In Hughes v. Metropolitan Railway Co. (supra) the plaintiff and the defendant were already bound in contract and the general principle stated by Lord Cairns, L.C. was:
“If parties who have entered into definite and distinct terms involving certain legal results afterwards-enter upon a course of negotiations”.
Ten years later Bowen, L. J. also used the same terminology in Birmingham and District Land Co. v. London and North Western Rail Co. (supra) that:
“If persons who have contractual rights against others induce by their conduct those against whom they have such rights to believe—–“.
These two decisions might, therefore, seem to suggest that the doctrine of promissory estoppel is limited in its operation to cases where the parties are already contractually bound and one of the parties induces the other to believe that the strict rights under the contract would not be enforced. In Motilal Padampat Sugar Mills Co. Ltd. v. …, (1979) 2 SCC 409, the Suprme Court points out as follows: ‘But we do not think any such limitation can justifiably be introduced to curtail the width and amplitude of this doctrine. We fail to see why it should be necessary to the applicability of this doctrine that there should be some contractual relationship between the parties.’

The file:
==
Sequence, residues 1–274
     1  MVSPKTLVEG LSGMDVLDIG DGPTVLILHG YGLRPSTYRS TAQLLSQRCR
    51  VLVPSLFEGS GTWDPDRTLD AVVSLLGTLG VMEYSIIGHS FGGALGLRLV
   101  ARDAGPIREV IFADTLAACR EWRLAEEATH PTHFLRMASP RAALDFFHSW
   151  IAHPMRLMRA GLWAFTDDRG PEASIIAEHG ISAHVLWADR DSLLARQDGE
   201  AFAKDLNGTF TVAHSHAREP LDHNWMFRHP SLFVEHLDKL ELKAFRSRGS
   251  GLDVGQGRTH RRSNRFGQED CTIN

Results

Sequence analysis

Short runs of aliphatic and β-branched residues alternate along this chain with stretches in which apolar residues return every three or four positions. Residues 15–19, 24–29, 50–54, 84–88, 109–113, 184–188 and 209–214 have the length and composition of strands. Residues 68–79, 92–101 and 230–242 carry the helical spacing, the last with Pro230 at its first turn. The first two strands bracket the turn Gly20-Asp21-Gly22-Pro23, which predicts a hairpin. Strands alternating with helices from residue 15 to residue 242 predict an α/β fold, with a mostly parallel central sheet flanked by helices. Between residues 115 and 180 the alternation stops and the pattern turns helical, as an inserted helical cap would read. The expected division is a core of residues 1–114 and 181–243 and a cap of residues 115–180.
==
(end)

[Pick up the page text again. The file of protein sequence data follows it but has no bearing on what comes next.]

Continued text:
Estoppel and Waiver — Waiver means abandonment of a right and it may be either express or implied from conduct, but its basic requirement is that it must be “an intentional act with knowledge”. The Principle is that ‘What cannot be done directly cannot be done indirectly.’ See. Cummings v. Missouri, 18 L Ed 356 at page 363. Estopeela and Waiver are, in fact, closely akin., and that their legal consequences too are appears to be similar. But, ”Waiver” is distinct from estoppel in that in waiver the essential element is actual intent to abandon or surrender right, while in estoppel such intent is immaterial, Provash Chandra Dalui v. Biswanath Banerjee, 1989 Supp. (1) SCC 487.
As was held by Supreme Court in Olga Tellis v. Bombay Municipal Corpn.,(1985) 3 SCC 545, in Para 28, there can be no estoppel against the Constitution. The Constitution is not only the paramount law of the land but, it is the source and sustenance of all laws. Its provisions are conceived in public interest and are intended to serve a public purpose. … This principle [estoppel] can have no application to representations made regarding the assertion or enforcement of fundamental rights.